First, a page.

Musician Grace Constable credits her family, dad, mom (Angie) and sister Chelsea for a strong base of support to pursue her dreams.

By LISA WHALEY

Publisher

lwhaley@heraldandtribune.com

Musical talent seems to run in the Constable family — that and a bit of healthy rivalry.

“If Chelsea gets something faster than me, I’m automatically trying to do it even faster or better,” Grace Constable, age 16, said with a grin, talking about her older sister, who recently gained attention with the release of a new debut  EP.

Grace Constable poses with dad, Greg.

But there is also a great deal of professional respect and support in that relationship, especially as Grace gets ready to not necessarily follow in her sister’s footsteps, but to blaze her own trail.

She has already gotten to play an important part in her sister Chelsea’s new release, playing guitar, as well as drums and bass, when she was only 15.

And on Thursday, Grace, accompanied by her sister, will be helping to lead a East Tennessee State University Seminar for music students and other interested guests.

“I’m going to be teaching a class to people who are older than me,” Grace said with a touch of awe. “And I’m under the impression it’s in a pretty big room.”

Yet it’s a challenge she feels well equipped to meet.

While she has always loved music, Grace credits a couple of special moments for helping to hone her life’s direction.

“When I was around about 11, that’s when I got to play with Tommy Emmanuel. That was a really cool experience for me,” Grace recalled. “I had been listening to his music for a long time and I really liked it.

“After that, I played him one of my songs and got to hear his feedback. It was just a really cool experience.”

Like her sister, Grace began to work with Taylor Guitars, helping to provide promotional videos. It was through Taylor that she was able to attend an event in California that really sealed her musical dreams.

“Taylor flew us (Chelsea and Grace) to the 2016 California NAMM, the National Association of Music Merchants, to perform,” Grace said. “It was insane. We were in a huge room and there were a ton of people there.”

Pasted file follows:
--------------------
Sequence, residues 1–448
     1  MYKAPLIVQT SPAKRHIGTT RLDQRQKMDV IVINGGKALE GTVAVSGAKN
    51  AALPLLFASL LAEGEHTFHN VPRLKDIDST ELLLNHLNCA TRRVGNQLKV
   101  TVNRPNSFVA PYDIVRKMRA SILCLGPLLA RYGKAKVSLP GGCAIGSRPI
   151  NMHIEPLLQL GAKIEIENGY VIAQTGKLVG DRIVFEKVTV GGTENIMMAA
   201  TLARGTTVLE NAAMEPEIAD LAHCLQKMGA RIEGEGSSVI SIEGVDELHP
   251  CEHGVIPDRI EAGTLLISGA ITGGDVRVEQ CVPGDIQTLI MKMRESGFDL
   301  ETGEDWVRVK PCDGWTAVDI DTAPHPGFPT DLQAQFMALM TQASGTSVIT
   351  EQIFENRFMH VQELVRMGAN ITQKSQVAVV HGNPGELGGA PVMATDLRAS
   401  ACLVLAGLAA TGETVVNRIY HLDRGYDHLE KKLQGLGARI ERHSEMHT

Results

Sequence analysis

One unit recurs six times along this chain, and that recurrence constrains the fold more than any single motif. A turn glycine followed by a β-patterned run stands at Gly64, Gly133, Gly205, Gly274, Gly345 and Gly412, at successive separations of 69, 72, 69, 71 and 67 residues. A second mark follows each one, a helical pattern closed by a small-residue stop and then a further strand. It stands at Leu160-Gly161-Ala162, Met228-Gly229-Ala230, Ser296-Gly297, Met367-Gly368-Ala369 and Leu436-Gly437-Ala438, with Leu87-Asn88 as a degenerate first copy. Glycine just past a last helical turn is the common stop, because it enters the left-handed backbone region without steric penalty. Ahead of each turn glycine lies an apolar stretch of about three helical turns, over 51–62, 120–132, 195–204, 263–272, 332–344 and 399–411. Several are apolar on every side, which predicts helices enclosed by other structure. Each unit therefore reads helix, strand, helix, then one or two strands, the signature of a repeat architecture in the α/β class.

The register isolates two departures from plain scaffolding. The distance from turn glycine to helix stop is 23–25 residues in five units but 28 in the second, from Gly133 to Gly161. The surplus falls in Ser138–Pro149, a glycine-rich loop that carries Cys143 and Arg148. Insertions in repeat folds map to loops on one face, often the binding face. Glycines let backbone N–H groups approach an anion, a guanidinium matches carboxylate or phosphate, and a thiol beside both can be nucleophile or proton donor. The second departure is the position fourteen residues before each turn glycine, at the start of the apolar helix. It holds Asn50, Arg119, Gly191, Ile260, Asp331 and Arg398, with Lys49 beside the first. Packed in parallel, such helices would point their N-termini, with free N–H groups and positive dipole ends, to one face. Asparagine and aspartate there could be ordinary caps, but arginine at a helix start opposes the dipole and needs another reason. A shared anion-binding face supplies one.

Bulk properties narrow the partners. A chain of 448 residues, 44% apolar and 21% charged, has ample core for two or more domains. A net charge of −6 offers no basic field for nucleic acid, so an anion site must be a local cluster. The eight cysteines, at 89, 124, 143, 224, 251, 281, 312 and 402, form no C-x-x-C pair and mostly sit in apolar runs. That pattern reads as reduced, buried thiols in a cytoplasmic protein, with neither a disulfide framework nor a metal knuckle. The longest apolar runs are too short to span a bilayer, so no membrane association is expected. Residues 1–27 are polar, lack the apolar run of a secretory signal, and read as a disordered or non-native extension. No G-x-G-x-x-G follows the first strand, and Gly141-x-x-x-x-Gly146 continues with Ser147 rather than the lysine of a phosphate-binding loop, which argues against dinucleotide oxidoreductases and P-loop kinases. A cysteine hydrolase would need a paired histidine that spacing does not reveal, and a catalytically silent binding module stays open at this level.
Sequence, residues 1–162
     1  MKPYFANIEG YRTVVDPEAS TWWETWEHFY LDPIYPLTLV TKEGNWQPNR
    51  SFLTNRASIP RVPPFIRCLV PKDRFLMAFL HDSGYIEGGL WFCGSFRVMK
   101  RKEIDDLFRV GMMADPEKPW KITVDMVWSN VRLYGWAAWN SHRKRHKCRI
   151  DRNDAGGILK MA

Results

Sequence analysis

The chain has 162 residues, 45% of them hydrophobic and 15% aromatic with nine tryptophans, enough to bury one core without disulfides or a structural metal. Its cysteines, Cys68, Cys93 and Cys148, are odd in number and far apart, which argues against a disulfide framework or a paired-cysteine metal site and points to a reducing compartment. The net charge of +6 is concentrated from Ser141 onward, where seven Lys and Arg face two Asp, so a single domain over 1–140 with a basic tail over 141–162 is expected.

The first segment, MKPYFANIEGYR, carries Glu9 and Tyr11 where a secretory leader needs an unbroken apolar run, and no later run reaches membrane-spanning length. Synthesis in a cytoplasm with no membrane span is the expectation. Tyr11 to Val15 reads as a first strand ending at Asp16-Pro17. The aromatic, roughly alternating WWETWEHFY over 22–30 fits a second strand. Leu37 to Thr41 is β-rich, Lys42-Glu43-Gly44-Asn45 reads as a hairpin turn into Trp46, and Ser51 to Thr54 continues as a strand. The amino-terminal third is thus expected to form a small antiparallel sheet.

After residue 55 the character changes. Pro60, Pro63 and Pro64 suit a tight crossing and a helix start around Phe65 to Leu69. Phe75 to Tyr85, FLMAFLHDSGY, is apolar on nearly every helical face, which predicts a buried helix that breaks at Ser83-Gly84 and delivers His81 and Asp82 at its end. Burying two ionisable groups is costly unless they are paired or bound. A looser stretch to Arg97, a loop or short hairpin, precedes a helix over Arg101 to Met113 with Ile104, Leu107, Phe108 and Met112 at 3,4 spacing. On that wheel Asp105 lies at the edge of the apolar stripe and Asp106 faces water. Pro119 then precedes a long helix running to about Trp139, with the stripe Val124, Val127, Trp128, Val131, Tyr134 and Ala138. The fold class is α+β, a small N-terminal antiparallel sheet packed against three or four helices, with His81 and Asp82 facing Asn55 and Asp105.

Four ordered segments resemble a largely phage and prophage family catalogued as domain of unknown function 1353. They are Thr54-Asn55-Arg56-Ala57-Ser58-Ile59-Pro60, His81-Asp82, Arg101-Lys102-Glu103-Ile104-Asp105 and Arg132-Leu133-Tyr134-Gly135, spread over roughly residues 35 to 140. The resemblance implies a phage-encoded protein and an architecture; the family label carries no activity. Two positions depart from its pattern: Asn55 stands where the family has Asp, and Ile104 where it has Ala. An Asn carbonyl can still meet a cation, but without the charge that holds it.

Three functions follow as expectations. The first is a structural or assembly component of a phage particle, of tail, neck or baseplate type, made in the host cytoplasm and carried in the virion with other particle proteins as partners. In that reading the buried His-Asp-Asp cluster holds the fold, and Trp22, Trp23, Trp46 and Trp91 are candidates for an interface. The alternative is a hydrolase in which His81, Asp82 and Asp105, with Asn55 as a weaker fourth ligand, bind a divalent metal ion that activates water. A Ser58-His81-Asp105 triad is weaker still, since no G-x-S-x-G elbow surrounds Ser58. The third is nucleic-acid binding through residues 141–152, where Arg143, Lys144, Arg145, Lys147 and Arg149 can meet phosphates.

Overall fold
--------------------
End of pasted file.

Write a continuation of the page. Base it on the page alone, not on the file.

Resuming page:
When a Taylor representative asked Grace to do a blues jam for an interested listener, she complied.

“ I didn’t know who it was and it was the bass player for the Rolling Stones,” she said.

Today, Grace continues to hone her craft while attending GradPoint Virtual School at home as a sophomore. Her favorite subjects are U.S. history and world history, but she always seems to come back to music and the many layers of training that can surround it.

“I have a lot of stuff that I’m interested in,” Grace said.

Asked about her dream 10 years into the future, she said, “I would like to be working as a solo artist, maybe a studio engineer and a session musician… recording and producing music, with people bringing new ideas for me to add my piece to it.”

For now, Grace is hoping to graduate early and attend Berklee College of Music for a degree in music theory.

And she is excited about Thursday’s event.

The topic of discussion will be business marketing and music, she said. “It’s important to know how to promote yourself with social media and through the right companies,” she said.

But mostly, she’s looking forward to the music.

“We’re doing some Tony Rice material and traditional bluegrass songs. We’re doing a few gypsy jazz tunes and I get to play two of my original songs.

Plus, she said, they will be performing a crowd favorite: “Sultans of Swing.”

In addition to her sister, Grace said, “I get to work with two amazing artists. Ainsley Porchak and Max Etling.

“They are wickedly talented.”